Major HIV Vaccine Study Soon to Be Launched
"Barouch told MD Magazine the push for an HIV vaccine has been gaining momentum.
“We developed a consortium to advance this vaccine over the past several years,” he said. “We are very pleased that multiple funders, stakeholders, and collaborators have been very enthusiastic to work together to move this vaccine forward.”
The study is named “Imbokodo” — the Zulu word for “rock" — and is a reference to an African proverb that refers to the strength of women.
The vaccine regimen is based on mosaic immunogens, which are designed to create a buffer against various strains of HIV. The diversity of HIV strains has been 1 major hurdle in creating a vaccine for the disease. The regimen has already proven effective at stopping the transmission of an HIV-like virus in monkeys."
"At the one-year mark, the DNA vaccine was no longer effective, reports professor of medicine Dan Barouch, director of Harvard Medical School’s Center for Virology and Vaccine Research (CVVR) at Beth Israel Deaconess Medical Center today in Science Translational Medicine (STM). The team, including CVVR’s Peter Abbink, Rafael Larocca, and other colleagues there and at the Walter Reed Army Institute of Research and at Bioqual, an animal-testing facility, did find that the vaccine based on an inactivated Zika virus (administered in two doses, four weeks apart) provided robust protection to 75 percent of rhesus monkeys after one year, a good result. But the third vaccine they had created—delivered by an adenovirus, the family that causes severe colds—proved even more effective, providing 100 percent protection to the monkeys with just a single immunization, even a year after administration."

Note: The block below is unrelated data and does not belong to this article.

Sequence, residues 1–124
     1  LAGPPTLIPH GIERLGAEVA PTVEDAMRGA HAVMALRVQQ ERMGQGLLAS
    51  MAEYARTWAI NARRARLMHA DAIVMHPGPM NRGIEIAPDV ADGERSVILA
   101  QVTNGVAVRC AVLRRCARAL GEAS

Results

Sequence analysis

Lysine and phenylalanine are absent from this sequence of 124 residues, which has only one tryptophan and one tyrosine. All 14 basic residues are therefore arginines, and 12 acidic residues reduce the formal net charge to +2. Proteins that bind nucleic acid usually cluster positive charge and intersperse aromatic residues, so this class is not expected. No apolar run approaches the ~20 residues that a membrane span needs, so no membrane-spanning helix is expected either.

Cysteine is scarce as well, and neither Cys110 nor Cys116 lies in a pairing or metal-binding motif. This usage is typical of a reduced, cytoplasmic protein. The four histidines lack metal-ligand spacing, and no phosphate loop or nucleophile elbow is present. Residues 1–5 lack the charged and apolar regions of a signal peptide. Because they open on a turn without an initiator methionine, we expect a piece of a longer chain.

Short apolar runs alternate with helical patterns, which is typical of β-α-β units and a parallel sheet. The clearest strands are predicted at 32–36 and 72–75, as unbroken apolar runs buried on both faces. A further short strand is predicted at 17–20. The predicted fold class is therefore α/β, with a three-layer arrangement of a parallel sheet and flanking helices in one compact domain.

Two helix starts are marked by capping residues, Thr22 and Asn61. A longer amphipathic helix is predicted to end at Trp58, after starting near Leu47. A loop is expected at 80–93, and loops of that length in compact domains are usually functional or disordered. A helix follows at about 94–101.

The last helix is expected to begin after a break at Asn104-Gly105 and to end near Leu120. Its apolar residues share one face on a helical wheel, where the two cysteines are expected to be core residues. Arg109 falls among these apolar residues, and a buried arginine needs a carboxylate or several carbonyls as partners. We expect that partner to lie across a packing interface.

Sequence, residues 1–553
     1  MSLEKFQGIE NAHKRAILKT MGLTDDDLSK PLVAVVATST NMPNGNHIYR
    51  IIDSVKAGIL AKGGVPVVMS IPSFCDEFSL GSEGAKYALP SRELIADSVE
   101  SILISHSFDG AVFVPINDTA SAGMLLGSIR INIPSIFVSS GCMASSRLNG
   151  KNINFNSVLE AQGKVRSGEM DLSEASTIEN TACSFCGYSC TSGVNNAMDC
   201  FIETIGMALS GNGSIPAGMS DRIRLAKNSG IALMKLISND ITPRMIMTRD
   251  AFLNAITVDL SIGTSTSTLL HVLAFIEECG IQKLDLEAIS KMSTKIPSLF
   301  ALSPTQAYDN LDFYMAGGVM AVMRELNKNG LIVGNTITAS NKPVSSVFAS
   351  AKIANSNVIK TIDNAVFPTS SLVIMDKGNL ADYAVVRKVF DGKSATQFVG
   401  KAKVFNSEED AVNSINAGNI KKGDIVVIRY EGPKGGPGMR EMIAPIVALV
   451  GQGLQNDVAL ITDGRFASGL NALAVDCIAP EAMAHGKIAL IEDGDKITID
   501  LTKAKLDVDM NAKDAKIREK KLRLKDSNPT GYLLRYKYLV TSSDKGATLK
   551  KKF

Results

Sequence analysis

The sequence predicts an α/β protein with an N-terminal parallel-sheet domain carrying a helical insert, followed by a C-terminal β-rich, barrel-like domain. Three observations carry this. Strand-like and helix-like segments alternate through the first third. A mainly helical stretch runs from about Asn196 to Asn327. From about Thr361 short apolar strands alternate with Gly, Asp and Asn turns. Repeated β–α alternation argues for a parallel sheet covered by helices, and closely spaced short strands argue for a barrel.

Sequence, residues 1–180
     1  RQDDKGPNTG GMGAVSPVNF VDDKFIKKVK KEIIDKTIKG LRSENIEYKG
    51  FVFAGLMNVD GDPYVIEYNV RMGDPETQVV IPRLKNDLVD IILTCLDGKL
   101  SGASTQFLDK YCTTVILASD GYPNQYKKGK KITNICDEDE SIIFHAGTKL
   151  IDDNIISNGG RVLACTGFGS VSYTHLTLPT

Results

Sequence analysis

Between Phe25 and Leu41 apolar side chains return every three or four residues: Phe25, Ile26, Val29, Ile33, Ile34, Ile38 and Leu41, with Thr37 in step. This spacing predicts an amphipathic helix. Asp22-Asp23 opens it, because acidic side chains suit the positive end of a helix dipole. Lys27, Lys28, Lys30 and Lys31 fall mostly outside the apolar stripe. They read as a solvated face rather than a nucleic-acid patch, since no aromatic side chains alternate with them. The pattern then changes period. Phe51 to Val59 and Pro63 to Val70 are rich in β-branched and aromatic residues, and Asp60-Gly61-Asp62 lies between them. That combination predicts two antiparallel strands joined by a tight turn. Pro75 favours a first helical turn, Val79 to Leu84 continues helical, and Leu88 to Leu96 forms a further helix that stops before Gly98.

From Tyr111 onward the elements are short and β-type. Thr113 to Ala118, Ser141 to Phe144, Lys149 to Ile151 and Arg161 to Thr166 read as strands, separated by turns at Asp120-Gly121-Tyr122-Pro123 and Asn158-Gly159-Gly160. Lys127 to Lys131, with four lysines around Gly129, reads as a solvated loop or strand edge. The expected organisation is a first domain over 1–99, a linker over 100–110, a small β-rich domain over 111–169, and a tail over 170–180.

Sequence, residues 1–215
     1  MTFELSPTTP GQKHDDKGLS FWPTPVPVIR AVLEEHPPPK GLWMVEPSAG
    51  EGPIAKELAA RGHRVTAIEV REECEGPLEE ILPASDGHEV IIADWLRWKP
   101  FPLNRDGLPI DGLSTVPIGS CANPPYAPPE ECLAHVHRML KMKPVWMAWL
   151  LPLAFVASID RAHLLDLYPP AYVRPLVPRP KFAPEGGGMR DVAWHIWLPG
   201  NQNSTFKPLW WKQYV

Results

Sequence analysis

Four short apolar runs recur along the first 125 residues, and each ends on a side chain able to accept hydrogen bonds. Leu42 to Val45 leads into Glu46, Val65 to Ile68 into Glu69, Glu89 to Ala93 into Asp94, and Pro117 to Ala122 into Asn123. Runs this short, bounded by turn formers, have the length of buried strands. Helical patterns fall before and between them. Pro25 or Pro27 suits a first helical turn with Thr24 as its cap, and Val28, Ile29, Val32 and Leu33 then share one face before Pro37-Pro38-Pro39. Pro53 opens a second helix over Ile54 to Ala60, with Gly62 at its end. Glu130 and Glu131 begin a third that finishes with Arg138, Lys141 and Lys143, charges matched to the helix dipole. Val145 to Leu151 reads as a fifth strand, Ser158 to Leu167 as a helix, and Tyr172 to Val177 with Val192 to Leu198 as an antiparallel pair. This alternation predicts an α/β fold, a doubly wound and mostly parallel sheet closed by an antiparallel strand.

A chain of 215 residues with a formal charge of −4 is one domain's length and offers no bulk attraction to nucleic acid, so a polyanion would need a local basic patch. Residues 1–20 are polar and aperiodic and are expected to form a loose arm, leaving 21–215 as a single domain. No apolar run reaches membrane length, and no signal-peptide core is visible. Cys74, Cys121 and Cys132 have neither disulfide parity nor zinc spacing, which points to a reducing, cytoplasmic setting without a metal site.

"Healthy adults mounted strong immune responses after receiving an investigational whole inactivated Zika virus vaccine, according to interim analyses of three Phase 1, placebo-controlled, double-blind trials conducted at Beth Israel Deaconess Medical Center (BIDMC), Walter Reed Army Institute of Research (WRAIR), and Saint Louis University School of Medicine."
"On this day each year, MSMR recognizes the life-saving, life-changing work of everyone involved in biomedical and life science research and education. We thank them for dedicating their careers to making the world healthier. We also recognize outstanding contributors at a special honors luncheon to which all MSMR members are invited."
By: Cynthia Fernandez
It takes a cocktail of drugs to treat HIV. It could take a cocktail of antibodies to prevent HIV as well, suggests a study by Boston-based researchers published this week in Science Translational Medicine.
I spoke to researcher Dr. Dan Barouch, professor of medicine at Beth Israel Deaconess Medical Center and Harvard Medical School (who recently published work on a 'mosaic' HIV vaccine as well.) Here’s our conversation, lightly edited.Read More
By: Aimee Cunningham
Science News, September 20th, 2017
Two new approaches — a one-two punch and a triple blow — stopped infection in monkeys
For certain HIV antibodies, having a buddy or two makes a big difference in the fight against the virus.
Combining the antibodies, called broadly neutralizing antibodies, may stop more strains of HIV than any single one can do alone, two new studies suggest. A “triple-threat” antibody molecule can bind to three different spots on the virus, researchers report online September 20 in Science. In Science Translational Medicine, a second team describes a cocktail of two single antibodies that each target a different region of the virus. Both methods prevented infection from multiple strains of an HIV-like virus in monkeys.Read More